Disclaimer: The following article contains spoilers from Netflix’s Guilty.

There is no denying the fact that Netflix has always pushed the bar when it comes to developing novel, groundbreaking stories. But that does not seem to be the case with the latest Hindi originals by Netflix. Like Netflix’s latest film Guilty that talks about sexual assault and privilege, in the wake of India’s #MeToo movement. 

The way the movement played out on social media is just one of the many points that Guilty employs while building its narrative about a college heartthrob who stands accused of rape by a woman who had a crush on him. 


However, while the movie introduces a good premise, the story is so weakly developed that this whodunit turns into a frustrating exploration of what not to do when narrating a story about sexual assault, consent, and privilege. 

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Kiara Advani stars as the protagonist Nanki, a college student whose boyfriend, Vijay Pratap Singh, (Gurfateh Singh Pirzada) is accused of rape by another student, Tanu Arora (Akansha Ranjan). 

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Vijay, the son of a politician and former model, is depicted as the poster child of privilege while Tanu, who hails from a small town, is portrayed as a ‘bold’, ambitious girl, never shy of expressing her desires – sexual or otherwise. Though the focus on any desire, other than sexual, is minimal. 

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As her accusation, over a Tweet, goes viral, Vijay’s parents employ a team of lawyers to help him. The team is helmed by Danish Ali Baig (Taher Shabbir), who is conflicted about the case, and apparently, also his feelings for Nanki.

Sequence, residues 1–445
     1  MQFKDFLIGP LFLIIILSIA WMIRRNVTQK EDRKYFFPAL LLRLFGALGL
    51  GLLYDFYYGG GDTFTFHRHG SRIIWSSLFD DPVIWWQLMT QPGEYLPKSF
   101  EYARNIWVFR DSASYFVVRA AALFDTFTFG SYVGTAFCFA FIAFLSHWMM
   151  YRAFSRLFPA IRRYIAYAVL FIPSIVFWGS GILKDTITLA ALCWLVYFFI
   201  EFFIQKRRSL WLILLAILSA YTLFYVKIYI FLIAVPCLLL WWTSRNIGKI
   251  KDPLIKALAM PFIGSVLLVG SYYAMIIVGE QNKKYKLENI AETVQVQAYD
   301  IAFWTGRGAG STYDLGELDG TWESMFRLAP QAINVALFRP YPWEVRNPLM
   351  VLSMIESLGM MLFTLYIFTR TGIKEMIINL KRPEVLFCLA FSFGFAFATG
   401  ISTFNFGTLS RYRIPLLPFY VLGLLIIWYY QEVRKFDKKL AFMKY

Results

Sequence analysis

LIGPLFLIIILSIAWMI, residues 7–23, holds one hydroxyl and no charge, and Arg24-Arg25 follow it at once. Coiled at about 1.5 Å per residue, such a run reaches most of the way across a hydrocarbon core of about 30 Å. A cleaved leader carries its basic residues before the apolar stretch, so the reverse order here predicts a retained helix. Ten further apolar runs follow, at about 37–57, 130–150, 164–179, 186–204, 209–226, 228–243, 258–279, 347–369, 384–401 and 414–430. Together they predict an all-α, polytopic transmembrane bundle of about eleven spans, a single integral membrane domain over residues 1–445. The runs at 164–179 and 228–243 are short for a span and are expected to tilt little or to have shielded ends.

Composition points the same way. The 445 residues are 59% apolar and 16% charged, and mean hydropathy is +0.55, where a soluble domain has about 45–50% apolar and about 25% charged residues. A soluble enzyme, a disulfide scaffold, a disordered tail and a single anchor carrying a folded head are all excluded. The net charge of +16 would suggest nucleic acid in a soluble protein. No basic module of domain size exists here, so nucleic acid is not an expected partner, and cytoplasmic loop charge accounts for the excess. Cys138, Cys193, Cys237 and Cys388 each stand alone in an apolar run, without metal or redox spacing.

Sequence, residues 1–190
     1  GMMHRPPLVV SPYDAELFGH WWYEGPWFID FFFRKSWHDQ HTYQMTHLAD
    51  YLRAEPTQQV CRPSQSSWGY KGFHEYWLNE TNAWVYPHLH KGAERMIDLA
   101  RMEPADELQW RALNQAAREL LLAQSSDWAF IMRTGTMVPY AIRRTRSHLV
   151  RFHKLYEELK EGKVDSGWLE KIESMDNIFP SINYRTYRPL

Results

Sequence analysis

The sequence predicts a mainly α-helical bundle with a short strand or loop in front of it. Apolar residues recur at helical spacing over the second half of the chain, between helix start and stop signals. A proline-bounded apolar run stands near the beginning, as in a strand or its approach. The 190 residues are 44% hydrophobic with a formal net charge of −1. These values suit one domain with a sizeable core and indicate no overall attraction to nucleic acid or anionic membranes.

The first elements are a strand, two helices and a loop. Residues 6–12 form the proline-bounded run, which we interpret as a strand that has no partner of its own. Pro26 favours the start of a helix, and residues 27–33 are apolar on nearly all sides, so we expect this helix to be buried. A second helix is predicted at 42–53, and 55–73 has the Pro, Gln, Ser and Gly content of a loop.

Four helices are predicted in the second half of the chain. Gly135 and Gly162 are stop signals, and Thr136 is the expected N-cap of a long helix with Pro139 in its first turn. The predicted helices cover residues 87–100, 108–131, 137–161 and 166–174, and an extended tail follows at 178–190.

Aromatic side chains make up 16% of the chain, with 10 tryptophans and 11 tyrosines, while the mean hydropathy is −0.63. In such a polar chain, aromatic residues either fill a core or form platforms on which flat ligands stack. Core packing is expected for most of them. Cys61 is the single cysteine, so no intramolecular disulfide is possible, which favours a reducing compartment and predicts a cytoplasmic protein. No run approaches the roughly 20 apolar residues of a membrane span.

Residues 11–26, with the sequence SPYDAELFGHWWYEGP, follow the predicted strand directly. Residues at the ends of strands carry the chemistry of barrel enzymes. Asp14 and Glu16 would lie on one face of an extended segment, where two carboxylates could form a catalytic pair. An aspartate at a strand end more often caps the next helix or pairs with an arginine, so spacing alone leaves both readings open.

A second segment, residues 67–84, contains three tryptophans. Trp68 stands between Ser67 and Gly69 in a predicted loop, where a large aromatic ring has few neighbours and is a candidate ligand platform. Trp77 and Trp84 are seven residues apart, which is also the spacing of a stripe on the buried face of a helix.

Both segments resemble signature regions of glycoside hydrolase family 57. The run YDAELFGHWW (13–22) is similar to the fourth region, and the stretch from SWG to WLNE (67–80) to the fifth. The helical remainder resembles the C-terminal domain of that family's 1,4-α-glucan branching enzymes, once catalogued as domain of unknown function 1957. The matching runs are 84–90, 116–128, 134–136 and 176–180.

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The movie’s basic plot is established right at the start, and the rest of the film works as an investigation into the case. The investigation is led in equal part by Nanki and Danish. 

As Nanki continues to uncover the truth, her belief in her boyfriend continues to dwindle. Until finally, on the same day that the court declares him as innocent, she discovers that he is indeed guilty. 

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The movie touches upon various topics, from false accusations to male entitlement to drug abuse and even the role social media plays in character assassination. It even brings to light mental health issues, patriarchal set-ups that always blame the victim, and the unsaid but ever-present ‘bro code’ where male friendship rates higher than humanity. 


And yet, every topic introduced is either misrepresented or not given the importance it deserves. The end result is a confusing, rambling drama, with multiple plot holes and a fair share of cringe-worthy moments. 

Also, at a time when Bollywood is finally realizing the importance of realism in movies, the characters in Guilty still appear to be far removed from our reality. The film’s reliance on clichés like climactic monologues and last-minute discoveries, and its unidimensional characterizations, leads to a disappointing mess. One that does more to harm the cause of #MeToo rather than show it in a comprehensive, holistic light. 


However, what really lets you down as a viewer is the realization that the story and actors had real potential, especially when we consider the lack of censorship that platforms like Netflix enjoy. And yet, a weak screenplay, that only scratches at the surface of the problem, leaves you visibly disappointed. 

Guilty brings to light a new side of Kiara Advani and attempts to begin a discussion about how the  #MeToo movement actually affected the accused. But that’s perhaps all that you can take away from the film. 

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